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California China

Our Claim to Tile Fame

By Alana Coons

CCPco advertisement from The Architect, June, 1915


Part of a wall at the Santa Fe Depot showing extensive use of CCPco tile


Tiles shaped much of Southern California's architecture and design through the early part of the 20th century into the 1940's. During this time tiles were used effectively and in abundance in both public and private spaces with an astonishing array of color, texture and designs. The importance of this form of art is just now being widely embraced with the kind of fervor that a long overdue discovery often inspires.

In 1987, I wrote a weekly column for the National City Star News on South Bay history. It was then that I first discovered and wrote about California China Products Company (CCPCo). What first caught my eye were the principles involved; the firm was established by Walter Nordoff and his son Charles. I wondered could this be the same Walter Nordoff who co-wrote Mutiny on the Bounty, and other classics. I soon came to find out that it was indeed one and the same. But far more interesting, as I was to learn, was the story of this early California china factory and their pivotal role in the use of decorative tile in California architecture.

It began in 1911 when Walter and Charles B. Nordhoff, along with partner and mineralogist John H. McKnight formed the company after a study of geological conditions of San Diego County convinced the partners that all was favorable for the manufacturing of fine porcelain and china wares. Although their original idea was to manufacture fine porcelain products, it was their brilliant, polychromatic Hispano-Moresque style faience tile that would earn CCPCo its fame.

It has been said that CCPCo faience tile practically revolutionized Southern California's architectural landscape. With its introduction coinciding with the emergence of the Spanish Colonial Revival movement, CCPCo made its mark on tile heritage. Despite its brief six-year life span, they were one of the most innovative tile manufacturers in California. The matte glazed tiles with their rich deep colors, matched only by their durability and usefulness as an outdoor material, were well received; they set the standard for succeeding generations of tile makers.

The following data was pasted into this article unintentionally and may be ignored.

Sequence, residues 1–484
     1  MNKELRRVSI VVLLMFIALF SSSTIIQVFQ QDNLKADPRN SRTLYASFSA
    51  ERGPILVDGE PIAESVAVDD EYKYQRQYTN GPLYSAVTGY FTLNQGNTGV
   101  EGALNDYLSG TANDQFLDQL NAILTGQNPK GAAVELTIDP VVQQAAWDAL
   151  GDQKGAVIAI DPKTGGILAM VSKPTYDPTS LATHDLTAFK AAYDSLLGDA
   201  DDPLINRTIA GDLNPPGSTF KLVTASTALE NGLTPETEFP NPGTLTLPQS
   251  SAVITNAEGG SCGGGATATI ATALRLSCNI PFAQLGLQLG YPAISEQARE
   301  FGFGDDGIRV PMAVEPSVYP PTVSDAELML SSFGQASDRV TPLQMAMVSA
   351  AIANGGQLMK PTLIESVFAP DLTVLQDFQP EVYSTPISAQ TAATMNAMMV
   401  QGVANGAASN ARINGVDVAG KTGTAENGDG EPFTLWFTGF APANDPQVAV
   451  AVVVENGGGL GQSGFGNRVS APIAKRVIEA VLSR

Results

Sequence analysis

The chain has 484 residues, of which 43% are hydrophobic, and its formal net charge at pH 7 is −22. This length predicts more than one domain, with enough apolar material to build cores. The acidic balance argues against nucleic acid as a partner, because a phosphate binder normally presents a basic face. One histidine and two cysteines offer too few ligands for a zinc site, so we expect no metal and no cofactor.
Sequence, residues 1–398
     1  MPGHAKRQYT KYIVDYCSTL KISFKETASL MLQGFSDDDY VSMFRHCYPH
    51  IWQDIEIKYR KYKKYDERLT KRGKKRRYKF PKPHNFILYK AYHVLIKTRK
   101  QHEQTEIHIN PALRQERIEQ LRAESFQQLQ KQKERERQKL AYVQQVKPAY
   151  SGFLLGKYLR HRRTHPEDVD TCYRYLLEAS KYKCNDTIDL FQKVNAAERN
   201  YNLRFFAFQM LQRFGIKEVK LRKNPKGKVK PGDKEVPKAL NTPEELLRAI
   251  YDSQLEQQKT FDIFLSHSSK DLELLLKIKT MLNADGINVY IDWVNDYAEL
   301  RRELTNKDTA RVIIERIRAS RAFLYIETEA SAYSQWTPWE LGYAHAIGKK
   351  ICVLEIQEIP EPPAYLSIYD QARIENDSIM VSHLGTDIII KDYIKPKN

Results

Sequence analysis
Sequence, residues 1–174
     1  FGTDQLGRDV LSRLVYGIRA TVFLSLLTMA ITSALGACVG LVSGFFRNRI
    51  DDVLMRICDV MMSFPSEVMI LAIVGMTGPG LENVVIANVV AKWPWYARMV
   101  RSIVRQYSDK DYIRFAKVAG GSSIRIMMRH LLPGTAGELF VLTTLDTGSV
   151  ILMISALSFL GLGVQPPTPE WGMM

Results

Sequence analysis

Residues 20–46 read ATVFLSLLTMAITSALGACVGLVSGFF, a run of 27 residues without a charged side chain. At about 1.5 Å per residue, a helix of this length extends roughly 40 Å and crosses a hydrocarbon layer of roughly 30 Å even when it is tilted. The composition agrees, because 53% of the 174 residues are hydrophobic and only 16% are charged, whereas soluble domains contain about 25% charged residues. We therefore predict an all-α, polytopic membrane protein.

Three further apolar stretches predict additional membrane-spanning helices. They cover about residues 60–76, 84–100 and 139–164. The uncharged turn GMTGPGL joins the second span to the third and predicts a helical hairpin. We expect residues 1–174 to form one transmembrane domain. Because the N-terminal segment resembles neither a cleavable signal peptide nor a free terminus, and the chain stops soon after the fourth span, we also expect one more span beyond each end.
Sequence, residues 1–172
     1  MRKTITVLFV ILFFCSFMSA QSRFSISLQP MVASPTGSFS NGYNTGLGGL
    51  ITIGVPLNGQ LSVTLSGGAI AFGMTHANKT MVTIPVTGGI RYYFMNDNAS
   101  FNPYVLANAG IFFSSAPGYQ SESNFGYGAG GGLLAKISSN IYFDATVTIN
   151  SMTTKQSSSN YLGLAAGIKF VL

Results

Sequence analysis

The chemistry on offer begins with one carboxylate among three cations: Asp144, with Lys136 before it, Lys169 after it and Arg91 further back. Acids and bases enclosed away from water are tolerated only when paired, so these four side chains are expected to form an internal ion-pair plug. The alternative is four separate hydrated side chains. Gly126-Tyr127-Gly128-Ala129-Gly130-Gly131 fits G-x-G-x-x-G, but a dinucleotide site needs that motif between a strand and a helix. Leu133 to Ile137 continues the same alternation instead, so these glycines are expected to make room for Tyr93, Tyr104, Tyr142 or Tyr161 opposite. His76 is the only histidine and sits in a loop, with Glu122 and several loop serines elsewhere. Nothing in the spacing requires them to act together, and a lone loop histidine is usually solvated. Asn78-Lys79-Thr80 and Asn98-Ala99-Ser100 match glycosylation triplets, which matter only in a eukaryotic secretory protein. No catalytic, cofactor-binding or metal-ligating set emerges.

Their work can best be seen at two of our landmark buildings, the Bertrum Goodhue designed California Building at Balboa Park and the Santa Fe Railway Depot downtown. With an estimated 10,000 tiles used for the buildings of the 1915 Panama-California Exposition, and produced by several companies, it is on the California building that CCPCo tiles are seen best in the massive sixty-foot high dome, with its glorious compass rose designs and 180-foot tower, it has become one of the most beloved and photographed buildings in the park.

The spectacular display of the company's work at the 1914-15 Santa Fe Railway Depot, designed by the San Francisco-based architectural firm of Bakewell and Brown, is its most prominent feature, the pair of domed towers on either side of the entry arch. Here you can really see up close and personal the extensive use of CCPCo Hispano-Moresque tile.